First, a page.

Subscribe for 17¢ / day

3,000 people per day need marrow match

The registry of willing bone marrow donors at the Inland Northwest Blood Center in Spokane holds 17,300 names, but not one is a match for 11-year-old Rochelle Normandeau of Polson.

Number 17,301 just might be the one. And that one might walk through the doors of Southgate Mall on Saturday and help Normandeau beat leukemia. Or help someone else with one of the 60 or so diseases that can be cured by a bone marrow transplant.

"On any given day," said marrow program supervisor Laura Oiland, "3,000 people are looking for a match."

Oiland and her staff hold drives throughout their region of eastern Washington, northern Idaho, Montana and the northwestern corner of Wyoming. The past two years, the blood center has held drives at Southgate Mall in conjunction with the Missoula Area Chamber of Commerce-sponsored spring health fair. The last two years' drives were inspired by Billings teen-ager Bryan Becker, who has chronic myelogenous leukemia and needs a bone marrow transplant. While drives aren't held for specific people, organizers often have an area resident in mind when they hold one.

In the region's 14 matches of the last two years, seven have been from Montana.

Marrow is found inside the body's bones. It looks like blood and produces the body's blood components - white and red blood cells and platelets - that are the main agents of the body's immune system. Any disease that attacks the marrow, causing it to stop producing the correct amounts of the various blood cells, threatens the body's ability to defend itself. New marrow gives the body a second chance.

To find marrow donor matches, medical science determines tissue type by looking at six markers that are among the hundreds of codes in human blood cells. More than 19,000 combinations are known. Chances are 1-in-4 that a match will be found in a family member. Chances overall of finding a donor are 83 percent, but unusual or unexpected heritage can complicate the search.

For instance, Bryan Becker's cells contain a type of marker, called an antigen, usually found in people of Asian and Pacific Islander heritage, even though his family is white American Westerners. Rochelle Normandeau's heritage is half American Indian and half Scandinavian.

"It's a combination that's making it really hard for her to find a match," Oiland said.

Oiland and the blood center staff will talk to potential donors about a new process for donating. Peripheral blood stem cell collection is less invasive and less uncomfortable than the older collection method, still in use, which involved extracting bone marrow through a needle inserted in the donor's hip bone.

In the new method, the donor is given a drug that's a synthetic growth hormone identical to one produced in the body for four or five days by injection. It multiplies the body's stem cells, which are the cells that produce red and white blood cells and platelets. Then the donor flies to Spokane or Seattle, expenses paid for the donor and a companion, and gives blood through a needle in the arm for about four hours. The only known side effects have been achy sensations for two or three days and sometimes headaches.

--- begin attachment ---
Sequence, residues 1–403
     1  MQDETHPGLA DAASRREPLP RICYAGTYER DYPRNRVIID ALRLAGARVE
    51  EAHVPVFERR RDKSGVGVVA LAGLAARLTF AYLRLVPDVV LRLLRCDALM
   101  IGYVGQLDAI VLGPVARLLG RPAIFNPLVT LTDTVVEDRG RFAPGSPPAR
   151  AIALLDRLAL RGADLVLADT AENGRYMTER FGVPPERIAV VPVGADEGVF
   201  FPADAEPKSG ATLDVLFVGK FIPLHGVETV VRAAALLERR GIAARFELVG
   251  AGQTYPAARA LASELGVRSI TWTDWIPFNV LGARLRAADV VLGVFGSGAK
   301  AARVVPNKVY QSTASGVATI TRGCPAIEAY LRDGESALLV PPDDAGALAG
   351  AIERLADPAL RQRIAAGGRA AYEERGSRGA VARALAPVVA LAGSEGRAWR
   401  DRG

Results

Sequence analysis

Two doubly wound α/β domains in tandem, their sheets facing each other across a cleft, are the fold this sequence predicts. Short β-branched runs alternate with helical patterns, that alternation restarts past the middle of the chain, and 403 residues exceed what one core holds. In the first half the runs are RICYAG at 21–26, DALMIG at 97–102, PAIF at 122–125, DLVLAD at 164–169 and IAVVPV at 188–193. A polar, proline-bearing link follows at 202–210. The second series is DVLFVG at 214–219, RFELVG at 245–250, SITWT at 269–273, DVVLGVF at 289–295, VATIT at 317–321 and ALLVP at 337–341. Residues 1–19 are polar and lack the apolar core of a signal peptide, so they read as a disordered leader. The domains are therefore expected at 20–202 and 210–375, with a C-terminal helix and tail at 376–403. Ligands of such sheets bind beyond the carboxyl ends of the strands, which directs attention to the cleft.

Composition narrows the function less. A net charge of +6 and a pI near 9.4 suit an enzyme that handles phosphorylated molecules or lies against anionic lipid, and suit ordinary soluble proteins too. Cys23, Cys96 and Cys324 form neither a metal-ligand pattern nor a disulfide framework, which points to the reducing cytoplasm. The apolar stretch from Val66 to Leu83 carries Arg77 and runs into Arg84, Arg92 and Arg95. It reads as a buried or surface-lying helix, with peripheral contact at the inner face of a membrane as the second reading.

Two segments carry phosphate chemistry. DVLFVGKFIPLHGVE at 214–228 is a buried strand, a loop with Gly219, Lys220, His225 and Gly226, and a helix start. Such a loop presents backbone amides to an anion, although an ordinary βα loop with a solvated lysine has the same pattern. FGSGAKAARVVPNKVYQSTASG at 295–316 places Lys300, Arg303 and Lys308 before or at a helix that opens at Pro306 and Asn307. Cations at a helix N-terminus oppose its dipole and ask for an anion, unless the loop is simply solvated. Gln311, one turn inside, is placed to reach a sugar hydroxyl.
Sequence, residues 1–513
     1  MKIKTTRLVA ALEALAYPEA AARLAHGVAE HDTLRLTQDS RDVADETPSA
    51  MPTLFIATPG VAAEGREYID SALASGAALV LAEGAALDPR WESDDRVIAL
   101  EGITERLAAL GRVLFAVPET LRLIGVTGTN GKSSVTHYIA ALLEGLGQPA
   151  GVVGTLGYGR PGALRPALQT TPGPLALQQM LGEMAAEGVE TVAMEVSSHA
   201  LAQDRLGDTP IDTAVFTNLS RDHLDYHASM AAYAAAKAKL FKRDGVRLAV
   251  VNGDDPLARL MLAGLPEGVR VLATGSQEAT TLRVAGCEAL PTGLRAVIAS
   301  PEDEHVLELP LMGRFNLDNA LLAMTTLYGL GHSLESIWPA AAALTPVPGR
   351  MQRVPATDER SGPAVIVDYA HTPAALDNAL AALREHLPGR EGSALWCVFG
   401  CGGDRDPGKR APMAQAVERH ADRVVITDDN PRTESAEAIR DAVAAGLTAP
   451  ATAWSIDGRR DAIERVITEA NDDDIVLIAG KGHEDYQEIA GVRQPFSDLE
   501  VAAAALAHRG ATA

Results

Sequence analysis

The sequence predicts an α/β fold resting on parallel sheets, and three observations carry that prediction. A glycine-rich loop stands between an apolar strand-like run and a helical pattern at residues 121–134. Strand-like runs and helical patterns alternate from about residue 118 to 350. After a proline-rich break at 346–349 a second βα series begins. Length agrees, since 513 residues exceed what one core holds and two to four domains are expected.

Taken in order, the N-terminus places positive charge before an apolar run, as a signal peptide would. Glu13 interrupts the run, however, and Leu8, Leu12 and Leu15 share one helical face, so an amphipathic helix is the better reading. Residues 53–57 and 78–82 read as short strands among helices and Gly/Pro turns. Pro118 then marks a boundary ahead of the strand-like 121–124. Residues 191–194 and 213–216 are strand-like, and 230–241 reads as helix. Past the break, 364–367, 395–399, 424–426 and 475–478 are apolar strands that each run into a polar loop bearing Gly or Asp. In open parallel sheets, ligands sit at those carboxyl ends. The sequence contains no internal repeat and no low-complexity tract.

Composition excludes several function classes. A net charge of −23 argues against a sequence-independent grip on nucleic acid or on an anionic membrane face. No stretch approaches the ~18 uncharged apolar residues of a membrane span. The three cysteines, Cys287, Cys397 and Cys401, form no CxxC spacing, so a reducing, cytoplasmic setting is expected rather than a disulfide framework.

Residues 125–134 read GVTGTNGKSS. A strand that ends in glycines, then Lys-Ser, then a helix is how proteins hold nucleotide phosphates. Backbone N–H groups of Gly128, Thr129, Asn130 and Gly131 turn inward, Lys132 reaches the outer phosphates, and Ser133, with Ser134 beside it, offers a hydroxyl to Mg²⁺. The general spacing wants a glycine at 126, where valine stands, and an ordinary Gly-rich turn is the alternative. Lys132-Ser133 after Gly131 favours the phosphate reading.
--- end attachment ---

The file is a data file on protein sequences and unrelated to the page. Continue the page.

"It's like giving a platelet donation, only longer," Oiland said.

The process has been used for about 10 years in people giving their own marrow.

"We expect eventually to switch to it completely," Oiland said. "We really feel it's a much nicer process."

Potential donors must be between the ages of 18 and 60, in good health and not substantially overweight. The initial test requires simple blood drawing. Organizers hope for a turnout of 250.

"It takes literally millions to find matches for everybody," Oiland said.

If you're interested

The Inland Northwest Blood Center and Southgate Mall will hold a bone marrow drive on Saturday, April 29, from 10 a.m. to 5 p.m. in JC Penney Court at the mall. They are looking for a donor for a bone marrow transplant for 11-year-old leukemia patient Rochelle Normandeau of Polson and 3,000 others who are waiting for a match. Testing will cost potential donors $21; the Montana Association of Highway Patrolmen's Hope Project will contribute a $2,000 matching grant to help potential donors who can't pay for testing. People whose descent is any percentage African-American, Pacific Islander, Hispanic/Latino, American Indian or Alaska native will be typed free of charge. To contribute money for testing, donate at the drive or send it to Account No. 714, National Marrow Donor Program, 3433 Broadway NE, Suite 500, Minneapolis, Minn. 55413 or to Montana Hope Project, Montana Association of Highway Patrolmen, P.O. Box 5927, Helena, Mont. 59604.

0
0
0
0
0
You must be logged in to react.
Click any reaction to login.